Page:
• Anonymous

    LOTR makes sense because you’re seeing an inherent fantasy environment where the gaudy outfits make sense. If you have Hawkeye working as a SHIELD agent there’s really no logical reason for him to be running around in purple tights. That and it just looks dumb and the actor playing him said it looked dumb as well.

    I think the mistake fandom makes is that it conflates all sorts of all fantasy-style elements and acts as though just because audiences accept one bit, then it must mean that you can go all out and bring in everything. For instance I can accept the symbolism of Captain America’s outfit while still breathing a sigh of relief that they didn’t bring in Hawkeye’s purple nightmare.

  • Anonymous

    If they really wanted the classic Hawkeye costume, they could’ve rationalized it by having Loki make him wear something more Asgardian because he thinks that having poorly dressed thralls reflects badly upon him.
    But just because movie Hawkeye was dressed more boring doesn’t mean they made the character more realistic. How did that rotating quiver (a movie addition) know exactly what kind of arrow he needed each time? How can he perfectly hit a target without looking where he’s aiming? Why is archery a skill that makes him more qualified to go into battle alongside the Avengers over any other SHIELD agent (besides BW)?
    As long as they underatnd they’ll be watching an over the top fantasy film, most audiences are fine with superficial outlandishness so long as their suspensions of disbelief aren’t otherwise broken.

  • Anonymous

    Because maybe his costume just looked stupid. Like seriously there’s no need to have him running around in that just because it’s what he wears in the comics. The biggest strength of the Marvel films has been that they’ve wisely chosen to keep the parts of the comics that work while jettisoning the parts that would be too silly for a mainstream audience.

  • Nuuni Nuunani

    Yeah, it always results in terrible disaster when an adaption of a comic book does not follow the source material to exact fine detail. Thats why Iron Man 3 was a commercial disaster for its depiction of the Mandarin and why Avengers 2 is doomed to end in flames since it wont have Hank Pym creating Ultron. A movie featuring Ultron that does not include all the heroes dying and time travel being used to magically reset everything in the end is doomed to fail~!!!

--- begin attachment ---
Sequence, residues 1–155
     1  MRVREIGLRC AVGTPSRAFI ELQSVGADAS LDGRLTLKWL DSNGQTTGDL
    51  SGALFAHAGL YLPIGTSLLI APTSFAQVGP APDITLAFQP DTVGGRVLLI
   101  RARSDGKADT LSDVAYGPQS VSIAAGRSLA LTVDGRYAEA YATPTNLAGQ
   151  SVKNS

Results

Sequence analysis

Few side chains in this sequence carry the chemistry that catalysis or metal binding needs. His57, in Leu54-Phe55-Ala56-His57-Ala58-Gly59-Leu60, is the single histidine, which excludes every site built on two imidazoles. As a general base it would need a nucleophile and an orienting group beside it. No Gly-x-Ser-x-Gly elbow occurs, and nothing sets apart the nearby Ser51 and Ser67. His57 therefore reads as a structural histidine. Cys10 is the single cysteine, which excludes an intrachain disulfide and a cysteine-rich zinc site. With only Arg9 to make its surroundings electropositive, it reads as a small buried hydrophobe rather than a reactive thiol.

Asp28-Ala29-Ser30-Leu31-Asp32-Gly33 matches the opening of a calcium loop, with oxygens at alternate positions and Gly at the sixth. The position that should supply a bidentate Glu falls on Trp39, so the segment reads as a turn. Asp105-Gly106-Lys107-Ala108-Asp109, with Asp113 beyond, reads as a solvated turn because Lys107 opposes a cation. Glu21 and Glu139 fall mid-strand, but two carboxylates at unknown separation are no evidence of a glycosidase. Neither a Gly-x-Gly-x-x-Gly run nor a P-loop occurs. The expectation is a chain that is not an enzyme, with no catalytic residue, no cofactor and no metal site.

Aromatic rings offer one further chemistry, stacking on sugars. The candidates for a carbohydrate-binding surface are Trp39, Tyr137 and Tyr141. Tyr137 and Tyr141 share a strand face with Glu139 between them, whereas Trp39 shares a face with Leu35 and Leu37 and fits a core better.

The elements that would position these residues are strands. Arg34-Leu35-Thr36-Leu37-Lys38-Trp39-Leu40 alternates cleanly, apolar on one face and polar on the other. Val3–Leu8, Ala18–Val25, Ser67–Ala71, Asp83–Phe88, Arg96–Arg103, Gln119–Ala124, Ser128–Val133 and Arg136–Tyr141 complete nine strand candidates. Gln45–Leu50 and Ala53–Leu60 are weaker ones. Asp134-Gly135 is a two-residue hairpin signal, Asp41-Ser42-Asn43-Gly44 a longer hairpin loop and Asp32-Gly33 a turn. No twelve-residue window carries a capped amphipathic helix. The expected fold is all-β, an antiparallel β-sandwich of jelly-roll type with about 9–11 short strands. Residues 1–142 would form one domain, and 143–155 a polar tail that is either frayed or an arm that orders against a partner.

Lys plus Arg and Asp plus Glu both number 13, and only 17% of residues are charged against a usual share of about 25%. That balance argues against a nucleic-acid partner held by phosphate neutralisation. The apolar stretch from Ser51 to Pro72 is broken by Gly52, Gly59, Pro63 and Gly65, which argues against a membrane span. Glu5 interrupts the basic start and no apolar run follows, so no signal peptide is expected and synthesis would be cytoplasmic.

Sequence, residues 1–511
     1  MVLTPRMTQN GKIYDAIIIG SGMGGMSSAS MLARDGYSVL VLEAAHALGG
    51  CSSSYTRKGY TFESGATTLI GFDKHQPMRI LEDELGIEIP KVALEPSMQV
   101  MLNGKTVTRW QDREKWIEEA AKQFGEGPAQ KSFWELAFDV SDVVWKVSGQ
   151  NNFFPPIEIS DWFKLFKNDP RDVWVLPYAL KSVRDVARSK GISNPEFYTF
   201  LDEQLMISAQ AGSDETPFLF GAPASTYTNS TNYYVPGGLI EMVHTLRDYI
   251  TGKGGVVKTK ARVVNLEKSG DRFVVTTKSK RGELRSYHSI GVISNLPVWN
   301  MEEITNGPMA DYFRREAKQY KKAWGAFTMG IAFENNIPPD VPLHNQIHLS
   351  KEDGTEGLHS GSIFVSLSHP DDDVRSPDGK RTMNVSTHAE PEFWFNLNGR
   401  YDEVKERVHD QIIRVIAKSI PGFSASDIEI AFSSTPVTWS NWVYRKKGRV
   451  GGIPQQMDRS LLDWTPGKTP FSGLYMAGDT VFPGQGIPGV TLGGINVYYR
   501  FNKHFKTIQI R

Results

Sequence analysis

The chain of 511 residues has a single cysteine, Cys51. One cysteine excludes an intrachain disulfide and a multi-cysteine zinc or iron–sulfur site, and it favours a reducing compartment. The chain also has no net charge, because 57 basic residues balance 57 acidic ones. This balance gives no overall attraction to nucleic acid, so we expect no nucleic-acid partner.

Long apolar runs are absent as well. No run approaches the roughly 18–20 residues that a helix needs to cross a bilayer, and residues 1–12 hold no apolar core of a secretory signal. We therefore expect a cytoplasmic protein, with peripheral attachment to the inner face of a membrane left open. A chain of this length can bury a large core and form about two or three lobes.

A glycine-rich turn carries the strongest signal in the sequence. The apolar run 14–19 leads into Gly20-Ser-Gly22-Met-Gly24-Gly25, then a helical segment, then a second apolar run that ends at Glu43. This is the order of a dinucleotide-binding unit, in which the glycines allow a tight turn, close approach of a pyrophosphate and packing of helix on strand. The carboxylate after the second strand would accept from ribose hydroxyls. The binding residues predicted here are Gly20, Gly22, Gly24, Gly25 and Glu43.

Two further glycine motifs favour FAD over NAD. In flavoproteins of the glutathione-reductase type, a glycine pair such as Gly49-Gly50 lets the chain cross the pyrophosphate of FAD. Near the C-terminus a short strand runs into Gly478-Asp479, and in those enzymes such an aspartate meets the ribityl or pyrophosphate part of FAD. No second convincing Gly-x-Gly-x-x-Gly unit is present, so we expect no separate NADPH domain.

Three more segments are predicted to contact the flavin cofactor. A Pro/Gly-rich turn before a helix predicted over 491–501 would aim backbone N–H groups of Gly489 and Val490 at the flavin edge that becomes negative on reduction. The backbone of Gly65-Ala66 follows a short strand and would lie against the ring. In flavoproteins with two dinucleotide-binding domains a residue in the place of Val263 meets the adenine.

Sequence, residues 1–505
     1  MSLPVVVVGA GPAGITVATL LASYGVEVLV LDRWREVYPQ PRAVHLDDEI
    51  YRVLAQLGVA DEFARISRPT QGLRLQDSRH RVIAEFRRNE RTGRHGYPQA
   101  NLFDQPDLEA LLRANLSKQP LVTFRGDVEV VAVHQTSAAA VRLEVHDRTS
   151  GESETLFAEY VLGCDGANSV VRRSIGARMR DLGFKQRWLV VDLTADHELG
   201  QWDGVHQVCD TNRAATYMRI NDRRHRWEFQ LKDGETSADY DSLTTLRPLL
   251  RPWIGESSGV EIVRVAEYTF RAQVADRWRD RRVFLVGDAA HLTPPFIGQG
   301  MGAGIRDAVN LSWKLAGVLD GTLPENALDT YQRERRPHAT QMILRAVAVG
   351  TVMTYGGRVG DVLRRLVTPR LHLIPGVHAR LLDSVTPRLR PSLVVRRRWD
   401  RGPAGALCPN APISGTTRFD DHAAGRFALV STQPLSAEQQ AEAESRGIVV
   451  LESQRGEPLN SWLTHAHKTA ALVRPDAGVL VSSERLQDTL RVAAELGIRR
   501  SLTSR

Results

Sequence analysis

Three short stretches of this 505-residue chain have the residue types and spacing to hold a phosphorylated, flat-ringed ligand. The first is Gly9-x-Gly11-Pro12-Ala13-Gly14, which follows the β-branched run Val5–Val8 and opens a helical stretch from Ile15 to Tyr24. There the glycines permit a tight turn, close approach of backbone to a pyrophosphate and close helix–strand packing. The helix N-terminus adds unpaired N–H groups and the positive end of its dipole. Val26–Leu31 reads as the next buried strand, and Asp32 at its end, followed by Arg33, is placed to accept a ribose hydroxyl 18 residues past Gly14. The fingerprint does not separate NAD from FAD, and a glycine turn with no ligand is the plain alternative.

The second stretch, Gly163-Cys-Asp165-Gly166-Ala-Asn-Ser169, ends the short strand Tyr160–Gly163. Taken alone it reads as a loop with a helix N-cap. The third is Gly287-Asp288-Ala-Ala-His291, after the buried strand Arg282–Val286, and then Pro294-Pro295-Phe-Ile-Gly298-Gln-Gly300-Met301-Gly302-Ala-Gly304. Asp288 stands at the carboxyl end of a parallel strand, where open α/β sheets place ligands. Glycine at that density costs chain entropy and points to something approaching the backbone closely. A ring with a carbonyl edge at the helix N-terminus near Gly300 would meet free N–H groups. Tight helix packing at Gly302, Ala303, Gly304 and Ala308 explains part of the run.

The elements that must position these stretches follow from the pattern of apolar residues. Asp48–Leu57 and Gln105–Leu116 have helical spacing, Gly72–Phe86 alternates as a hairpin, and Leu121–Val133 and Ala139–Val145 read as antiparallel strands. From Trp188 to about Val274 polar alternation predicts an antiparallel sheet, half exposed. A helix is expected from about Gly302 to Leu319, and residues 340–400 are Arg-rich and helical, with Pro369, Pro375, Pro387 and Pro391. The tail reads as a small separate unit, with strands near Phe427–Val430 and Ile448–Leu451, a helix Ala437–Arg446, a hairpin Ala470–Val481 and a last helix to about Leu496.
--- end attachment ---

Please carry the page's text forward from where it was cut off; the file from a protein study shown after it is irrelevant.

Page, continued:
• Ryan Colson

    Mostly true, but the fan designed Photoshop of movie Hawkeye in Ultimate glasses with 616esque pointed lens corners to reference his original comic design suit would have worked in the movie. Instead you get the Ultimate suit minus eyepieces for the movie suit and that suit becoming the comic suit due to Marvel dumbing up comic costumes to reference the film versions across the line.
    And dumb comic parts still work on the film, remember how Cap’s shield bounces back even though that is probably the silliest comic science ever?

  • Ryan Colson

    (Since if it absorbs all impact, the shield would fall to the ground after hitting one target)

  • WheelchairNinja

    Iron Man 3 made over $1.2 Billion. Not sure I’d call that a commercial disaster. Yeah, it ticked off the fanboys, but everyone I talked about it with offline loved it.

    And sorry, but I trust Whedon to know what he’s doing with Avengers 2. I’ll admit I don’t know much about Ultron, but I hope that last last bit was sarcasm. A deus ex machina ending like that would be awful.

  • Nuuni Nuunani

    Oh my, that almost sounds like Marvel ‘might pull a few themes or plot points from various comics to use in
    their movies, ultimately don’t take their own source material seriously.
    It’s almost as if they’re ashamed of the comics and try to refer to
    them as little as possible.’ Funny that.

  • WheelchairNinja

    Sigh… Marvel is pulling their stories from the comics. They have to change some of the details to fit the movie format, update some of the character like Bucky who won’t work for modern audiences, but by and large they’re adapting the comics.

    DC, on the other hand, glosses over the comics and instead adapts the characters. Their movies sometimes borrow elements from the comics’ plots (see my above post about The Dark Knight Rises), but are largely original stories.

    Now, before this becomes a full-on flame war, I’d like to extend the olive branch in the form of this adorable kitten .gif: ;-)

  • Nuuni Nuunani

    Either I have just discovered rudolph or the recording of that kitten keeps turning its nose red O.o